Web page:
The second Chief contradicted the first, telling me that yes, that the term Pow Wow was, indeed, real but that his people were such big Pink Floyd fans that they’d be “honored” if the band named their album “Pow Wow”!! Ha! Can you believe it?!

Well, in typical Pink Floyd fashion, don’t you know, I spent a bunch of time gathering up all of this information and the band decided not to use any of it anyway!

On another front, I was trying to come up with some big and different creative marketing ideas that would really put a buzz across America about a new Pink Floyd album and tour. I figured many heads were better than one so I put out an invitation to all Pink Floyd fans at the label to meet me after hours in a conference room for a Pink Floyd “Think Tank”—and, I would be serving Pizza!

Well, this idea turned out to be a hit because there were at least 15 to 20 people who LOVED Pink Floyd (and pizza), and we all had a blast coming up with very creative “Floydian” marketing plans—the kind that got the word out, but in a very cool way synonymous with the Pink Floyd vibe. We met once a week and the think tank took on the moniker of “The Pink Tank.”

Steve O’Rourke loved this idea so much, the fact that a major record label had enough real music fans who would stay late after work to give extra time to Pink Floyd, that he made shirts for us! They were long sleeve blue denim with pink “Pink Floyd-Pink Tank” logos above the left chest area. That gift is just one illustration of just how great a manager Steve O’Rourke was. He made us all feel part of the Pink Floyd family—INCLUSIVE, not exclusive like too many major music acts do once they attain a certain level of fame.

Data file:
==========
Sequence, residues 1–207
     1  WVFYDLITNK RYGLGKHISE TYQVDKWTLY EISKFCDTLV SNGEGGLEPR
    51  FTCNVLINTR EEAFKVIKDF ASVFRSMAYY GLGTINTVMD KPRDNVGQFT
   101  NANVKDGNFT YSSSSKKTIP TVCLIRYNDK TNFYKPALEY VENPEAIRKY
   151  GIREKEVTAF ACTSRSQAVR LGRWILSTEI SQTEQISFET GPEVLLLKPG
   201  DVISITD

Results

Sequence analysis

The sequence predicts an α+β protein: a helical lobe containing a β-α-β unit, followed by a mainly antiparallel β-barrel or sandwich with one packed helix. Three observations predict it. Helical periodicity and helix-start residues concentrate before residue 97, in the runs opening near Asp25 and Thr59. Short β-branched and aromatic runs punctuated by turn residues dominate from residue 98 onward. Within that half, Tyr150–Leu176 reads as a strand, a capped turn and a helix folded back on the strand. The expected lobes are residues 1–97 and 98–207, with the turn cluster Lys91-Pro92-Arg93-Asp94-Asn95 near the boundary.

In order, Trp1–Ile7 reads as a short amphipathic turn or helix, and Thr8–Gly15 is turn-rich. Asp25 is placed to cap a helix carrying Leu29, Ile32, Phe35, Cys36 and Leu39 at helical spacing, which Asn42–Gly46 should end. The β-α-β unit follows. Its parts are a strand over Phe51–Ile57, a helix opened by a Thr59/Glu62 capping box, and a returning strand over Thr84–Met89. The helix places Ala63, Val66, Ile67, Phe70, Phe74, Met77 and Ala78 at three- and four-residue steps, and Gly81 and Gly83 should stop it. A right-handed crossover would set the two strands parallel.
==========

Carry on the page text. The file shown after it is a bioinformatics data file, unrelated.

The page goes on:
The Pink Tank was moving along quite nicely developing some great ideas, but I felt we needed ONE BIG ONE—one so big, that it would stop everyone in their tracks and make them pay attention, and also put a huge smile on their faces. I knew the band would sell quite a lot of albums and concert tickets, but I wanted the buzz to be like when the Beatles first came to the States. Our parents, and even our grandparents knew who the Beatles were and when they had a new album and when they were going to play, either live or on Ed Sullivan. I wanted EVERY SINGLE PERSON IN AMERICA, no matter how young or how old, to know that Pink Floyd had a brand new album and tour, and furthermore, that it was going to be such an event that they’d want to take part in it (i.e. buy the album and concert ticket).